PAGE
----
Half-truths, false advertising and more lip service about why living in an NFL-free Los Angeles environment doesn’t provide all the Utopian benefits you’d come to rely on after all these years:
On the final day of the NFL’s regular season, some of you will warm up the tubes in your TV set, wait for the picture to finally flicker on and, after fiddling with the needle-nose pliers to make the broken dial line up with the No. 2, have every reason in the modern world to go absolutely bonkers.
The San Diego Chargers-Denver Broncos game is on, and the Tennessee Titans-Indianapolis Colts game isn’t.
You already spent New Year’s Day flipping around trying to find the Rose Bowl, only to have a neighbor tell you it was banished to cable this year, long before that Wisconsin-TCU matchup was created.
But now, two days into the new year, 2011 has already been ruined. You’re standing on your porch, aiming your shotgun to the sky and wondering which satellite you can pick off without anyone noticing.
Then the telegrams and phone calls start.
“Is this a conspiracy by DirecTV to get us to subscribe to ‘NFL Sunday Ticket’?” one will ask.
“Does anyone there know these teams moved away from L.A. years ago, and we’re just fine with that?” another chimes in. “If that’s the case, why wouldn’t Fox try to cram St. Louis Rams’ games down our throat as well. The logic doesn’t hold.”
“Are these crummy games selected by the ‘nerds’ at CBS who probably don’t watch football, use statistical data based on geography, surveys, etc., which might show a bias trend toward California teams rather than using a fan’s perspective to determine which game a fan would want to see?” surmises someone else.
Maybe we’ve done a poor job over the years trying to explain how this all works. Or, in this case, doesn’t work.
You’d think the ultimate benefit of not having an NFL team in Southern California – specifically L.A. – is that Fox and CBS could beam the most meaningful contests our way without having those pesky blackout restrictions that we used to have when either the Rams or Raiders didn’t sellout at home. In those cases way back when, we were left without an NFL game to watch, as if it was a punishment. But for the last decade-plus, we’ve simply received a different NFL game instead.
But then comes the San Diego Chargers, and the slippery way the created a beachhead in the L.A. market by calling us their “secondary” TV home.
Dan Masonson in the NFL’s TV department of information, has tried to make this aberration perfectly clear:
“The local affiliate in LA (KCBS in this case) must carry all Chargers ROAD games as L.A. is a secondary market for San Diego. It is for Chargers home games that the affiliate has the choice (or another game), assuming a sellout. If the team doesn’t sell out, L.A. won’t get the Chargers game because the L.A. TV signal reaches to within 75 miles of the Chargers’ home stadium.”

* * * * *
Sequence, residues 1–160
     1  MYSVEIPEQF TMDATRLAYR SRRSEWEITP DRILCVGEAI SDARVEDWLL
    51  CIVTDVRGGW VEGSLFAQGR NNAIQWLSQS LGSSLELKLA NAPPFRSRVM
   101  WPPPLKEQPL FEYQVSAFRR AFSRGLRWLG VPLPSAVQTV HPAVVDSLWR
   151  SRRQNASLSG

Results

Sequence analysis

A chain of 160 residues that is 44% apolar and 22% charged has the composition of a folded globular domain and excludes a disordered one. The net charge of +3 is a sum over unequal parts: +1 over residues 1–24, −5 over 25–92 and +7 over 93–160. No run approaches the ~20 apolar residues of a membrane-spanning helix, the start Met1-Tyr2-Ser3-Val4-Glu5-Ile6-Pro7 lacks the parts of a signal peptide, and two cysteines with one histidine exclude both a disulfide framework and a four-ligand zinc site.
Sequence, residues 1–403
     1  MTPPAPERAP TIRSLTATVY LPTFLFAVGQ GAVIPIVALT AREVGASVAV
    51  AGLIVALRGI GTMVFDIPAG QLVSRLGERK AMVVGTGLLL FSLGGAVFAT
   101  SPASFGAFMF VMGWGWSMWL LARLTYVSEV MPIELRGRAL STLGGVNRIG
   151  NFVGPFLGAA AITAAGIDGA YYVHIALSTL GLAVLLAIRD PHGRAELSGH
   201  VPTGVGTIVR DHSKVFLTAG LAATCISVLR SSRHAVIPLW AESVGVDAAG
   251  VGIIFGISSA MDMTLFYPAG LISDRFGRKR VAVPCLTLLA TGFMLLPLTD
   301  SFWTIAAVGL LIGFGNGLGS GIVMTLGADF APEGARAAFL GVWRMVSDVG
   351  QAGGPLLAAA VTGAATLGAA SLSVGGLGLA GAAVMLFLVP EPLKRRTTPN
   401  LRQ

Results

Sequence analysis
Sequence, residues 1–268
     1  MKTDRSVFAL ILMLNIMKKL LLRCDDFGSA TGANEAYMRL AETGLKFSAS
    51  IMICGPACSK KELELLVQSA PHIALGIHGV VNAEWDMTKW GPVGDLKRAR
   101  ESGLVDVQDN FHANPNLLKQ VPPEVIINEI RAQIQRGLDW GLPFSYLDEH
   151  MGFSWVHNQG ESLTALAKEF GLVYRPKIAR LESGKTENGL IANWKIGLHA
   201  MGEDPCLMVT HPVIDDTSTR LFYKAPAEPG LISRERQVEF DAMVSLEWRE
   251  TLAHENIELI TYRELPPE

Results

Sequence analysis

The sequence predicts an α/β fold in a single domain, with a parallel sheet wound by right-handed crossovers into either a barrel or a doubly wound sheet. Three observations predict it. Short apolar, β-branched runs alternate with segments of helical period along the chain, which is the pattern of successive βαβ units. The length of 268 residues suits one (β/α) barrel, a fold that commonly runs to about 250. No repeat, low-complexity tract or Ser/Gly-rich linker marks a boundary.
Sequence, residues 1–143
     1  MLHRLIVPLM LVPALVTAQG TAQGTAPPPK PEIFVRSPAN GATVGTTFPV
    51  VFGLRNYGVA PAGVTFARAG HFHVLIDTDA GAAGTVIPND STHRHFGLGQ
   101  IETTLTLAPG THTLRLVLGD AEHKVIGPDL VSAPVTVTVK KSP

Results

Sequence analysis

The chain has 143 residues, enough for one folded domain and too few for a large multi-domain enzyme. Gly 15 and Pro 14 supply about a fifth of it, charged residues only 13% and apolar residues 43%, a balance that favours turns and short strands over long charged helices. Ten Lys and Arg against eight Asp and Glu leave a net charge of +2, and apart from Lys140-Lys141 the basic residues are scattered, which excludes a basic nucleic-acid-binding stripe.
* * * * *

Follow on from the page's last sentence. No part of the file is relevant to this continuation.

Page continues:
When the Chargers were blacked out in San Diego, they were blacked out here as well – no matter what network. But when the Chargers are on the road, KCBS’ signals are tied?
Why couldn’t the CBS affiliate fight harder to land a much more intriguing matchup – like Sunday’s Colts-Titans, where Peyton Manning is trying to get his team into the playoffs, and its’ CBS top game of the day with Jim Nantz and Phil Simms on the call, instead of the Chargers-Broncos, where absolutely nothing is on the line except an appearance by Tim Tebow, with Don Criqui and Steve Beuerlein describing it?
If only to generate better ratings, which the former is sure to do over the later?
And, in a case of a situation recently, why can’t KCBS stay with a 10 a.m. game to its conclusion instead of having to switch the audience over at 1 p.m. for a Chargers’ kickoff?
“There is nothing further beyond what I wrote to explain it,” Masonson repeated in an email Thursday morning.
Fox, which will have two games involving four teams whose playoff berths can change in Tampa Bay-New Orleans and Chicago-Green Bay for its last Sunday doubleheader, might have actually wanted to bring the Rams back to the L.A. audience. But it couldn’t. NBC picked it off the Fox lineup with its flex schedule benefits, so the St. Louis-Seattle game, which will decide the NFC West, goes into prime time as the national game.
As the NFL reaps the windfall one of its most productive season or TV ratings in years, maybe it knows what it’s doing. Then again, it might consider performing concussion tests on more than just its players.